The crash of a Polish government Tupolev TU-154 at Smolensk on Saturday, which killed the country’s president Lech Kaczynski and all of the other 95 people on board has brought out the usual cliches about Russian airliners.
That is, they are inherently unsafe and badly designed.
These claims are not entirely correct. The problem with Russian jets is much more about how badly they are flown than design limitations, and there has never been an airliner built that doesn’t come with a set of handling issues that are addressed by how they are flown by properly trained pilots.
The Soviet and post Soviet era Russian airliner industry never delivered a mass produced subsonic jet as lethal as the Sud Aviation Caravelle although some of them could be compared to the MD-11, the DC-10 successor which one retired FAA official later admitted should never have been granted certification in its original form.
The Caravelle had two characteristics. It was delightful to fly in, and it was deadly. It was a difficult jet for piston era pilots to get used to, as was for a while, the early Boeing 727-100s, a jet the Tupolev design bureau unsuccessfully sought to emulate and surpass with the TU-154. It would be tempting to compare the TU-154 to the British Trident series of tri-jets rather than the ultimately very successful 727 series, as the Tridents also suffered from poor customer airlines and quirky operational features.
Russian airliners have never gained traction among western airlines. They were generally heavier for a given task than an American or modern European airliner, but they were supremely well built to cope with the bitter cold of Siberian operations. The Russian industry, to this day, has never shown any sign of comprehending customer support, the supply of spare parts, or the need for detailed monitoring of issues related to aged airframes, or so western aviation authorities have so advised the technical aviation media for decades past.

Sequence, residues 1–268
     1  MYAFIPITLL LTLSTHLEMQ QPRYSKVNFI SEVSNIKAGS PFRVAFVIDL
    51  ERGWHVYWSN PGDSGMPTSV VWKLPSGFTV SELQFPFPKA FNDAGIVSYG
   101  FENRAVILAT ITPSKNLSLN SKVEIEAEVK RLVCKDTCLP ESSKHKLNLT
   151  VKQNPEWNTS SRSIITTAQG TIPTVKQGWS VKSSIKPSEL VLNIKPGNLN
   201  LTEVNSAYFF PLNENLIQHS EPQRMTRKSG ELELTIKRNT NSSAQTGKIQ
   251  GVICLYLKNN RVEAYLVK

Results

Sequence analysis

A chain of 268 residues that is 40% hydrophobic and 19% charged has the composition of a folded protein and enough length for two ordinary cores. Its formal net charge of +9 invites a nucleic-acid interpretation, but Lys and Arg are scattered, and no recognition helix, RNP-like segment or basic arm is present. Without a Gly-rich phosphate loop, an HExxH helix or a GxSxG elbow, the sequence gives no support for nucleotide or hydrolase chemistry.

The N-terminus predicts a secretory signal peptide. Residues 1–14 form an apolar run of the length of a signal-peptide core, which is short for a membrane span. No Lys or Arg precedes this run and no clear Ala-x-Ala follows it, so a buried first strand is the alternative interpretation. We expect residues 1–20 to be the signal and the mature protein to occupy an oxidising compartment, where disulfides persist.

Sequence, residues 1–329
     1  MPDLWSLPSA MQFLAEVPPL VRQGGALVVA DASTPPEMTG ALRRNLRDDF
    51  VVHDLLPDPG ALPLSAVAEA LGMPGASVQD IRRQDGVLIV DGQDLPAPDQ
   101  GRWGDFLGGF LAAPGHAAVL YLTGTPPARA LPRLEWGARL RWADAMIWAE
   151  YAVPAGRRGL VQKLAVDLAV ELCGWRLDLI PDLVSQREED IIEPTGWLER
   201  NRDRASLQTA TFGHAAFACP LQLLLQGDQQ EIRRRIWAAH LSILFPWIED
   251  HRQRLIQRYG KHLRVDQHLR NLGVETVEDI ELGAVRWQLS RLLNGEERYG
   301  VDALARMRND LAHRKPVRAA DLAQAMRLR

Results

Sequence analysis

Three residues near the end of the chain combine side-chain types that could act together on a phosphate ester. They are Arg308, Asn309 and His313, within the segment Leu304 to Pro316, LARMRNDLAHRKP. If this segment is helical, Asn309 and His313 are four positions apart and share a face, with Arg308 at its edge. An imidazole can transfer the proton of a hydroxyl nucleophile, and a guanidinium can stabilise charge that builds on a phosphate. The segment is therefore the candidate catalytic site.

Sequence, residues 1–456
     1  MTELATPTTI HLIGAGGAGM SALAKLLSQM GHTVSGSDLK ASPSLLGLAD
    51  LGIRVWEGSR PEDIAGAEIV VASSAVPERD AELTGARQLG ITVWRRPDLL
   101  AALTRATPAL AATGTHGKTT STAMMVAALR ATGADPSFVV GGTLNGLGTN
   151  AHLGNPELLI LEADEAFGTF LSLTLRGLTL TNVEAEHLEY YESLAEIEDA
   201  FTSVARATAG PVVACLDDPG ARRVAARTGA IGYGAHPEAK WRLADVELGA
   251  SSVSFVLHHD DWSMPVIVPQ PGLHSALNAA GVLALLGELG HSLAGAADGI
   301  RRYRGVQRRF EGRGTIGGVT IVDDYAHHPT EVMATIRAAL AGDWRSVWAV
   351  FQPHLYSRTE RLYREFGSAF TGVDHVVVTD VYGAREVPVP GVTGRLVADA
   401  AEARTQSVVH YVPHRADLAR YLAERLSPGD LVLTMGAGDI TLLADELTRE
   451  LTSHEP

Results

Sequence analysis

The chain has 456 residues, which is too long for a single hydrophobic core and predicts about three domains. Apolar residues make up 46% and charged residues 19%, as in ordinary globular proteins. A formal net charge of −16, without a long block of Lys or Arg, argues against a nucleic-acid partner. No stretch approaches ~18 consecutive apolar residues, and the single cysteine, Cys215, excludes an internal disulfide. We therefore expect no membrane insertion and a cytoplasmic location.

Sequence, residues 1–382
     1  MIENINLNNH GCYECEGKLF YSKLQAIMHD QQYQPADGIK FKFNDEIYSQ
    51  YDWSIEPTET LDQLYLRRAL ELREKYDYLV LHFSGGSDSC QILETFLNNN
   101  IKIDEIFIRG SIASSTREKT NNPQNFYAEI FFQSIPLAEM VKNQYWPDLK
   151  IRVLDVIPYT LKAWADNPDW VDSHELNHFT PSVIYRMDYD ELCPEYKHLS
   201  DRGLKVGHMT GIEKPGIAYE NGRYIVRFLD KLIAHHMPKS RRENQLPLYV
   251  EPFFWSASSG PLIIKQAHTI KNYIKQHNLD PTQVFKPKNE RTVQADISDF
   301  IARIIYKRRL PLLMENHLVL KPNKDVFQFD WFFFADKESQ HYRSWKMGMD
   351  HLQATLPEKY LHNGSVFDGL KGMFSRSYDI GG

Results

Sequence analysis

No-one yet knows what caused the crash. It is not inconceivable that something mechanically vital failed at the wrong moment, and that the early reports pointing to pilot error are despite being plausible completely wrong.
What is reported however is that the flight made three orbits about the fog bound airport and then crashed in almost zero visibility some distance from the end of the runway on its attempt at landing.
Any reading of the archives on accidents in Russian to Russian airliners since 1956, when Russian TU-104 jets began the post Comet jet age with scheduled deportation flights to Siberian prison camps will suggest that the flying culture has remained stuck in the same state that it was right up to the early 70s in western carriers.
Accounts of Russian jet crashes these days, whether in Boeings, Airbuses or older Tupolevs and Ilyushins often read like accounts of disasters involving British European Airlines or DAN-Air in the 60s and 70s. That is, the pilots pressed on regardless, uncertain as to where they were, or because they believed too much in their personal capabilities. Modern airline practice is not about pilots pressing on, but about rules that set strict minima on such issues as visibility and fuel reserves. If the conditions set out in the operating procedures are not met the jet flies away to a pre-planned alternative airport. No going down below minimums to have a look, or any other heroics.
This was a crash by a Polish VIP flight in an old Russian jet. Whether the flight was destroyed by poor judgement or something else remains to be established.